The Civil Liability Bill fetched up at the House of Lords for its final appearance in Parliament on 20 November, before proceeding to Royal Assent and becoming the law of the land.
Thanks to all the Brexit brouhaha, most MPs will pay scant attention to the most significant shake-up of the claims sector in recent years, which has been turbo-charged again by government intervention. And there is no sign of a let-up.
The key elements of the reforms, namely the increase in the small claims limit to £5K (from its current £1K) and the introduction of new tariffs, will await further legislation, probably in 2019.
The small claims portal is due to be launched in April 2020 and we await the second part of the government’s consultation into credit hire and rehab; the government is also due to complete its formal review of the effects of LASPO. Elsewhere the FCA is busy consulting on the new regulatory regime for CMCs, which move under its control from the MoJ.
Meanwhile, the insurers face big changes to their pricing models following the launch of an FCA review into dual pricing and a super complaint against them and other sectors from the Citizen’s Advice.
Coping with this blizzard of change is hard enough, but the additional uncertainty caused by Brexit makes it impossible to predict what’s going to happen in the next six months, let alone the next five years.
In the meantime, customers continue to have accidents, and thus continue to require expert help to navigate their way through complex claims processes and ensure they are properly protected in their hour of need.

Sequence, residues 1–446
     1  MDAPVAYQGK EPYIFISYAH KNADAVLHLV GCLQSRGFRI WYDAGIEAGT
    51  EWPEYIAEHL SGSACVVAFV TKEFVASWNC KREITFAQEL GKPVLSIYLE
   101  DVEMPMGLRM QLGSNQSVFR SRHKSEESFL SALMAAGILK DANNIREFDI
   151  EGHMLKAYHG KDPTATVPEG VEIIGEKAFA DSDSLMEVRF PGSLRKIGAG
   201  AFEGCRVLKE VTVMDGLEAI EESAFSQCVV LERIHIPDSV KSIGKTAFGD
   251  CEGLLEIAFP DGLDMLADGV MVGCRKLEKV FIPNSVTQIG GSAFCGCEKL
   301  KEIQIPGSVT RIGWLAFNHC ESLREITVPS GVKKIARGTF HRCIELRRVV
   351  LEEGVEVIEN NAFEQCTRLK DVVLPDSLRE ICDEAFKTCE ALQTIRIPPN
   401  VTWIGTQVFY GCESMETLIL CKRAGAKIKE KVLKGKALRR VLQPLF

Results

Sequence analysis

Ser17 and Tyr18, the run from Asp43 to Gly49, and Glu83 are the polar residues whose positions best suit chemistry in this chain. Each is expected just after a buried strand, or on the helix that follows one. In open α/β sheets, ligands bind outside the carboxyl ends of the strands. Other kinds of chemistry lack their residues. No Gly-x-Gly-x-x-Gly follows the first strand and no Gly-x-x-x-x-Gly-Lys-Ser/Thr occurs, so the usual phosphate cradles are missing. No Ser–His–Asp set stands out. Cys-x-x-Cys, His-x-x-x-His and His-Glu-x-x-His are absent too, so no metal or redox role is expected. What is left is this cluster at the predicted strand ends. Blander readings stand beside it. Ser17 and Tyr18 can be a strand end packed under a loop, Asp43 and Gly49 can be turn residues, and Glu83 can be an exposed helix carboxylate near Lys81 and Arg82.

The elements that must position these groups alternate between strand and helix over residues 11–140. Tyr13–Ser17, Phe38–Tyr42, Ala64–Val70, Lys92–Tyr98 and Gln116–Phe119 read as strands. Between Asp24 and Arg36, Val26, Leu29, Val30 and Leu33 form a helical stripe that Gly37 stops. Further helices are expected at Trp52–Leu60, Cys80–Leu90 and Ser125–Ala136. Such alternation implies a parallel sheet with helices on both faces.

Increasingly, these customers will be expected to manage their claim without human intervention and rely on technology. Indeed, ministers and officials at the MoJ view technology as a panacea to cost pressures in the civil justice system, pressures which have seen a near 40% real terms cut in budget between 2011-2020. Hence the small claims portal.
So, what next?
Claims companies await with some interest the advent of the portal. No one should doubt that technology can provide slick and efficient claims management. Many companies are themselves investing heavily in technology – both in the front and back office – to do a variety of tasks from printing and dispatch, to online direct interaction with customers making a claim.
Glen Eastwood, MSL’s newly appointed MD states:
“I have joined MSL at a time of significant change in the motor sector.
As with previous reforms in this arena, there will be challenges for all, but also opportunities for those businesses that are innovative and agile.
MSL is working hard to ensure our customers continue to benefit from our passion for excellent customer service and proactive approach to claims handling in the lead up to the reforms and beyond.”
Today, data analytics, machine learning, robotics and algorithms are just as likely to feature in boardroom conversations as customers, balance sheets and regulation. Technology can also give claims companies the wherewithal to move beyond their traditional core competences and offer more propositions.
As fees and charges continue to be squeezed, the inherent efficiencies technology provides will help claims companies continue to make margin (albeit low margin) from low cost claims activities.
And a little of that human touch…
How this revolution leaves the customer is more difficult to predict. Both government and regulators have made clear that customers remain at the heart of their agenda. Indeed, during the Civil Liability Bill debate, the Justice Minister, Rory Stewart MP, committed to ensuring the new claims portal would be customer friendly, and would be thoroughly tested to ensure it really is.
That’s all very well, but research shows that not all customers want to manage their claim online. A large proportion of claimants prefer to deal with a human being. Other claimants may not have access to the internet, or struggle to understand the system and this will present the Government with a real challenge over coming months.